**150 number-theory questions.**

I am X. I was roaming around some place and found another X. We got attracted. Got into some operation and generate Y.
Me and my X got together now and went to roam the places.
We found the group ...

$A^2$ + $B^2$, $AB$, and $A + B$ are all integers.
Do both $A$ and $B$ have to be integers? If not, what is an example where they are not?

During a tournament, seven football teams, three European, three South American, and one from Africa, scored a total of 89 goals.
The number of goals scored by the African squad was relatively prime ...

The sum of nine whole numbers is 1000. If those numbers are placed on the vertices of this graph, two of them will be joined by an edge if and only if they have a common divisor greater than 1 (i.e. ...

Place the 18 even integers between 2 and 36 in the empty nodes of this triangular graph in such a way that if a path is drawn by coloring in red all the edges joining any two nodes whose numbers add ...

I'm trying to figure out what number follows next in this sequence. Can you help me?
5, 21, 341, 5461, 1398101, 22369621

The sum of the ages of six sisters known to me is 92. Though there is no single whole number greater than 1 that simultaneously divides the ages of any three of them, I did notice this morning, while ...

Four marathon runners, each identified with a positive whole number, sit around a table. Each of them notices that their own number has a common divisor with the number of the runner sitting on his ...

This is very similar to the 2, 0, 1, 8 problem. Just try to make all numbers 1-30 using the digits 2, 0, 1, 9.
Rules:
Use all four digits exactly once
Allowed operations: +, -, x, รท, ! (factorial), ...

We know that $23$ is a prime number nonetheless, I'm asking to find 4 numbers $a,b,c,d > 0$ such that $23$ factors.
$$ 23 = A \times B \times C \times D \text{ with } A,B,C,D = a + b \sqrt{2} + c \...

In the annual meeting of the International Conference of Puzzle Scenarios, each of $100$ people in a room is given a different number from the set $\{1!,2!,3!,...,99!,100!\}$. One person leaves the ...

This puzzle replaces all numbers with other symbols.
Your job, as the title suggests, is to find what number fits in the place of $\bigstar$.
All symbols abide to the following rules:
Each symbol ...

A maths teacher writes a very large number on the blackboard and asks her pupils (of whom there are $n$ in the room) about its factors.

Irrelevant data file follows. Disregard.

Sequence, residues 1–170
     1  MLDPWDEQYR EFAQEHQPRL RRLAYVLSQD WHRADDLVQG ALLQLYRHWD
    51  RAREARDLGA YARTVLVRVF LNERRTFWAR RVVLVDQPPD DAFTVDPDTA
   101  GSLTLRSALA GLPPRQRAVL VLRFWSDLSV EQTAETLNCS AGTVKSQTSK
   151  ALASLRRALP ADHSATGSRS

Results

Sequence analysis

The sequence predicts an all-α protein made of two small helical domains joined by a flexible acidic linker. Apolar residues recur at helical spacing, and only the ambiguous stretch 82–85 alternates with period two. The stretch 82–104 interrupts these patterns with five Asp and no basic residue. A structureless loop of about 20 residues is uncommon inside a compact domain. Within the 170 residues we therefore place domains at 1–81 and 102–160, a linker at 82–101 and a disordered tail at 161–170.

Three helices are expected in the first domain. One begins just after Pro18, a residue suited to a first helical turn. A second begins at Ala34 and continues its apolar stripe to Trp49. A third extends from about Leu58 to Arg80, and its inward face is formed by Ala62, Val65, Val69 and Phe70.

The first pupil says, "The number is divisible by 2."
The ...

Find six positive natural numbers, not necessarily distinct, whose sum is 1000 and which, if placed appropriately on the vertices of the following graph, two of them will be joined by an edge if and ...

Label the vertices of this graph with positive integers (repetitions allowed) whose sum is 100 in such a way that any pair of vertices are joined by an edge if (and only if) they have labels with a ...

Captain Etarip, wants to plunder all the treasure islands that he can. There is exactly one island for every $n\in\mathbb N$. The $n^{\text{th}}$ treasure island contains three cities, each with $n$ ...

To create my puzzles, I often use the numerical properties of the integers. However, as of recently, I feel like I am running out of properties to use.
So, why not make it a sort of game to find ...

I'm currently working on a (difficult) number progression and need your help. How would you continue?
2, 5, 12, 25, 54, 113, 240, 481 ?
Thanks in forward!

Consider the following pixel puzzle which somehow looks like a damaged QR Code with clues on the left of every row and on the top of every column.
These numbers represent the total amount of "black ...

Imagine you have 2 types of chocolates (A and B). You randomly pick up two chocolates at once from your bag in a specific pattern. If the same type of chocolates come out, you give them both to your ...

This puzzle replaces all numbers with other symbols.
Your job, as the title suggests, is to find what value fits in the place of $\bigstar$. To get the basic idea down, I recommend you solve Puzzle 1 ...

Find the largest set of stricly positive integer terms in which none divides another and respecting the following rule: given any three of them, one divides the sum of the other two.
Source: ...

A teacher wrote a large number on the board and asked the students to tell about the divisors of the number one by one.
The 1st student said, "The number is divisible by 2."
The 2nd student said, "...

I just found this awesome puzzle from the Tournament of the Towns (though I'm sure it's appeared other places too). The connection between odd factors and square is surprising, and the proof has a ...

This puzzle replaces all numbers (and operations) with other symbols.
Your job, as the title suggests, is to find what value fits in the place of $\bigstar$.
All symbols abide to the following rules:...

Inspired by this puzzle : Integers around a circle with consecutive pairs adding to a square